In recent years, sports camps have become increasingly popular. Even traditional summer camps are offering sports activities as value-added enrichment programs. While these types of programs can be excellent for fitness, coordination, and socialization, a keen eye must be kept on safety.

The American Academy of Pediatrics recommends that before choosing a camp, parents should assess their child’s skills; interests; and overall physical, mental, and emotional well-being. This will help them evaluate their child’s ability to effectively participate in a particular camp setting. This type of evaluation is essential when considering camps that require an increased level of physical fitness.

In order to choose the best sports camp program for your youngster, it is important to educate yourself by asking the right questions before enrollment. Start by familiarizing yourself with the camp director through a telephone conversation and a personal visit. Assuming the camp’s philosophies on competition and sportsmanship are in line with your values, questions for the camp director should include:

  • What type of training does the staff receive? According to the American Camp Association (ACA), camp staff members should be trained in emergency procedures, abuse prevention, safety regulations, communication, behavior management techniques, appropriate staff and camper behavior, and supervision. Additionally, the director should be able to provide references.
  • Are criminal background checks done on all staff members?
  • How many references do you require for staffers, and how do you check them?
  • Under what circumstances are camp personnel allowed to be alone with a camper? The answer should be none.
  • What is the counselor-to-camper ratio? This is especially important for camps offering sports-oriented activities due to the potential for injury. At day camps, ACA standards require the following ratios: one staff member for every six campers ages 4 and 5, one staff member per eight campers ages 6 to 8, one staff member for every 10 campers ages 9 to 14, and one staff member per 12 campers ages 15 to 17.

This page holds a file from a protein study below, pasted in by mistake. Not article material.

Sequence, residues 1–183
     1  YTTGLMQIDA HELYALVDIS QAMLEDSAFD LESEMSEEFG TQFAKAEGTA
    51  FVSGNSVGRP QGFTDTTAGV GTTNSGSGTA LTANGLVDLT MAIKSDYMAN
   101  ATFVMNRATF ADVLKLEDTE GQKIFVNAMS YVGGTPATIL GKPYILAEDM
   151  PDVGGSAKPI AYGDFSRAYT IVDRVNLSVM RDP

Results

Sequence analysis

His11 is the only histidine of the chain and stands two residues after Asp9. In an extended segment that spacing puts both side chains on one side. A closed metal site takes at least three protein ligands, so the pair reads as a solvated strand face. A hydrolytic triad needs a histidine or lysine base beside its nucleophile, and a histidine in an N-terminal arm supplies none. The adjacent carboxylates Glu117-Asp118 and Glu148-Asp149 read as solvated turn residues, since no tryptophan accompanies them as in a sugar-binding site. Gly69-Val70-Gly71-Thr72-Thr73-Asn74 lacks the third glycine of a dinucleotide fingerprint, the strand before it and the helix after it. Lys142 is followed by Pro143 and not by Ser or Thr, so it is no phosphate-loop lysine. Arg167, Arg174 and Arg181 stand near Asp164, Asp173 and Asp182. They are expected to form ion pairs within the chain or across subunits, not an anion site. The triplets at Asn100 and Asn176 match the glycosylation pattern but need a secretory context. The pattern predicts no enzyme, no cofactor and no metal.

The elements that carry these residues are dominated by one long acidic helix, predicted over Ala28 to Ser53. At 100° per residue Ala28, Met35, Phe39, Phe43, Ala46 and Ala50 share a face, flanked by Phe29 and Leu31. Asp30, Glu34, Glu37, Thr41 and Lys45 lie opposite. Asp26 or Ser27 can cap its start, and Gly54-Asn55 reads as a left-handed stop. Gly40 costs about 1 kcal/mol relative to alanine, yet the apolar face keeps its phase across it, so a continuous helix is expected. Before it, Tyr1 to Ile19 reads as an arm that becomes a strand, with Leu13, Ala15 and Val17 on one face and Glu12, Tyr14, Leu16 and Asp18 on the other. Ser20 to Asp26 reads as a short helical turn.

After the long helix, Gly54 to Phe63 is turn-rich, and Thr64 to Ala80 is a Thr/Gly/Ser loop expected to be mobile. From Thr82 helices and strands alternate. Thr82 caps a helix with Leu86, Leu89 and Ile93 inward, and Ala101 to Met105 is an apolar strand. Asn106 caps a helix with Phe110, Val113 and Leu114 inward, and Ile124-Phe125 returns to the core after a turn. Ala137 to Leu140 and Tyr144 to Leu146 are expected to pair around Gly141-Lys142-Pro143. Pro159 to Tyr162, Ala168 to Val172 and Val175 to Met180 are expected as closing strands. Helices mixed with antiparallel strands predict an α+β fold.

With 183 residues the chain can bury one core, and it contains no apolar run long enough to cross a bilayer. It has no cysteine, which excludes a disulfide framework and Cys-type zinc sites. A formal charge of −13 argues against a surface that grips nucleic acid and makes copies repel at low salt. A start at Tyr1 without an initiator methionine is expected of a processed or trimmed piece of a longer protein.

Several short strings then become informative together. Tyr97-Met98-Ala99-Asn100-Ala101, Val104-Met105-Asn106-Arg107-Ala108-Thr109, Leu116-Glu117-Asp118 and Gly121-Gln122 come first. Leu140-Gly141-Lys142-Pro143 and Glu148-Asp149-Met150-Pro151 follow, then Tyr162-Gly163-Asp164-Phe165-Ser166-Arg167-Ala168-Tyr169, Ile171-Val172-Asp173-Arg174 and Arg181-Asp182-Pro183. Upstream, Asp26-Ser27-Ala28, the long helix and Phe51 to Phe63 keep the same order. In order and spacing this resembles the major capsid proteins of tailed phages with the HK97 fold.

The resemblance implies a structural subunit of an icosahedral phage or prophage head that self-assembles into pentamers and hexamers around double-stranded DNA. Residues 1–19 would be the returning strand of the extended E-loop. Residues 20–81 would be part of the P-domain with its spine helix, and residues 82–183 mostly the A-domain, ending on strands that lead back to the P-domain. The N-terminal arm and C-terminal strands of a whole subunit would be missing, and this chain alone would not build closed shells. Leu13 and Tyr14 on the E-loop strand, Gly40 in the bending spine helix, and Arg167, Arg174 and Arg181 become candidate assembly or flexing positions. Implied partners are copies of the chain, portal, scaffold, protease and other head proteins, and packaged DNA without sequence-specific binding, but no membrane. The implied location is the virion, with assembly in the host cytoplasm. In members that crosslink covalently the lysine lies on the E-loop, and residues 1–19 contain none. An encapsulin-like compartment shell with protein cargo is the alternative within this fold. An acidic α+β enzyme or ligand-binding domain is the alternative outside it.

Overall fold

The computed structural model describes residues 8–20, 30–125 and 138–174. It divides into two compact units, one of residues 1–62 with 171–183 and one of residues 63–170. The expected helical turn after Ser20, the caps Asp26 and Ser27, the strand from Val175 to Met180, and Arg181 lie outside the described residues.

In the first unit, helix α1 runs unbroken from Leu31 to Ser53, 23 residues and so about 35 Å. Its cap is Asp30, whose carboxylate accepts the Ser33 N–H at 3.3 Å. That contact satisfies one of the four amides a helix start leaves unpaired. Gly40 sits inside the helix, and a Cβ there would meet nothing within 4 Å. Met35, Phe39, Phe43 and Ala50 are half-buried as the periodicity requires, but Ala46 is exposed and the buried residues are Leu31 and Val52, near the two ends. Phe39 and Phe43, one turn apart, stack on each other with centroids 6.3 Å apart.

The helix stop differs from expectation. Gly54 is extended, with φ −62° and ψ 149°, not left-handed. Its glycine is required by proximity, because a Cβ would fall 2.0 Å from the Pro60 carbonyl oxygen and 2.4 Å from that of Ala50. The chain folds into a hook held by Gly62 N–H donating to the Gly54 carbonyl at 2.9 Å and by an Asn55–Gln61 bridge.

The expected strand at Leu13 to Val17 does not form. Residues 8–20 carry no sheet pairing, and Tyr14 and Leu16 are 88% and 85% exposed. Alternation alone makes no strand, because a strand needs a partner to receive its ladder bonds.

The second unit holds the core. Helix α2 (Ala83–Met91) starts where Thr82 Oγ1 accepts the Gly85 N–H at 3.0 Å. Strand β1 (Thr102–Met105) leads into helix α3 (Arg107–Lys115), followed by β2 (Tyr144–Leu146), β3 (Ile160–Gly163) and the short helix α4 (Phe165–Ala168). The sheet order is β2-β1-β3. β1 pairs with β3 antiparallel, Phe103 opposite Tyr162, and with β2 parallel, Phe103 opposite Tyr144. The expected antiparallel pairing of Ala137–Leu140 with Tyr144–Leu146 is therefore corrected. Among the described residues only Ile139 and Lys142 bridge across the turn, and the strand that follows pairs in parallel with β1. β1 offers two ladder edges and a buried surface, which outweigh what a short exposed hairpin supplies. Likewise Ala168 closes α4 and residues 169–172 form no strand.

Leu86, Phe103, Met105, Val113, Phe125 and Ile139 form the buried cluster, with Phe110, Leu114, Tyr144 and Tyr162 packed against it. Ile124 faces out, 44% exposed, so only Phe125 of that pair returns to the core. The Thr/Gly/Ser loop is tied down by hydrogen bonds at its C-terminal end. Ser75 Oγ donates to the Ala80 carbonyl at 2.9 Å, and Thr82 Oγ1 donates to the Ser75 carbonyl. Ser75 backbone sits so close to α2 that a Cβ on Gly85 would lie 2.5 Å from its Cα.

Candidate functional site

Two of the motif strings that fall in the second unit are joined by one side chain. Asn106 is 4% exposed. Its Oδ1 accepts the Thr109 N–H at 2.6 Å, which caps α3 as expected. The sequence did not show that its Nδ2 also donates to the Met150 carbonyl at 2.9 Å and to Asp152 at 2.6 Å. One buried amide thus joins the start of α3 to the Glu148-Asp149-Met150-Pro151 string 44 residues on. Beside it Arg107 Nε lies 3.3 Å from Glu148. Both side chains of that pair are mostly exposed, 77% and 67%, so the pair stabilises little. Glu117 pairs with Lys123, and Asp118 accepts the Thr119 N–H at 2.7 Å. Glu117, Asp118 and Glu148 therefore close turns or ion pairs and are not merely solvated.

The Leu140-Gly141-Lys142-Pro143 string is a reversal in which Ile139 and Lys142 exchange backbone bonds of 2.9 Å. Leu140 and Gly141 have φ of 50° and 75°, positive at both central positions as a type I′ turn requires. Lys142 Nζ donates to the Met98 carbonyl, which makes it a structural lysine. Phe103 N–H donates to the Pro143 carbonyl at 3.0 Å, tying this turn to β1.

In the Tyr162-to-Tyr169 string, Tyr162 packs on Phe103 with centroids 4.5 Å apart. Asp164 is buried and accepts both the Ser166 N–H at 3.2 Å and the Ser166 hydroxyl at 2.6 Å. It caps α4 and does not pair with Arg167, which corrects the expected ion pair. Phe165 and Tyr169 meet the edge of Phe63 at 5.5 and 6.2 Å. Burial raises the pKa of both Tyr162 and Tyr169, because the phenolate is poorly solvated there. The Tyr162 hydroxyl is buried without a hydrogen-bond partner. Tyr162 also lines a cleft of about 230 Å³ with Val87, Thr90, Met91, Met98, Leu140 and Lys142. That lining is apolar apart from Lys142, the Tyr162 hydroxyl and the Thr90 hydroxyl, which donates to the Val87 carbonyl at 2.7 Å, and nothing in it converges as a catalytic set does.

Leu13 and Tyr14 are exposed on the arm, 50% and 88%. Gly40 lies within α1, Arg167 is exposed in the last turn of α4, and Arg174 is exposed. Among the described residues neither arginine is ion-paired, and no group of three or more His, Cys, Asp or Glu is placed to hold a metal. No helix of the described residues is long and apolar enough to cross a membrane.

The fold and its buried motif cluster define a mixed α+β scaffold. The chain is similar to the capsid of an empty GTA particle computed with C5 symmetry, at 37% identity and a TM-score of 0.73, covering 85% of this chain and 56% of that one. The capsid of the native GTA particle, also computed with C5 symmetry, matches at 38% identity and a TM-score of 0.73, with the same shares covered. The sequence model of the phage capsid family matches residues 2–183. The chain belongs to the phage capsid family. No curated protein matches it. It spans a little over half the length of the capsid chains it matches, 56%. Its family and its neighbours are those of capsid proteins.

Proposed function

• How old is the equipment that will be in use, and how often is it maintained or replaced? When inspecting facilities, be sure to note the condition of the equipment. Safety apparatuses, such as mats or pads, should be in a state of good repair and free of visible damage.

Let your child take an active role in his safety by reviewing some basic guidelines before heading to camp. Make sure your youngster agrees to obey all camp rules and always wear the required safety equipment (sports goggles, mouth guard, pads).

Encourage your child to stay hydrated by drinking plenty of water and to immediately report any illness or injuries. Promote stretching before sports activities as this can help prevent muscle sprains or tears. With a little research and diligence, you can make sure that your youngster has a positive and safe experience participating in sports programs and activities this summer.

The benefits of physical activity are universal for all children, including those with special needs. The participation of children with disabilities in sports promotes inclusion, optimizes physical functioning, and enhances well-being. However, children with special needs require unique considerations when participating in sports-training camps. According to The American Academy of Pediatrics, well-informed decisions regarding each child’s participation must consider overall health status, safety precautions, and the availability of appropriate programs and equipment.

Parents can choose a camp specifically designed for children with special needs or a mainstream camp where their child will be with kids without special needs. Either way, start by consulting with your child’s doctor and other specialists to make sure you can give the camp director and sta ff all necessary information and enroll your youngster in a program that is appropriate for his unique needs.

In addition to asking basic questions regarding staff training, background checks, and camp-to-counselor ratios, parents should request additional information. Some examples of questions to ask are: How are children grouped for activities? How many medical personnel are on staff, and what are their qualifications? Additionally, a camp director should be able to discuss how the camp will specifically meet your child’s dietary needs, personal hygiene needs, and any other individual needs.

For an extensive list of camps for youngsters with special needs, visit the National Dissemination Center for Children with Disabilities.

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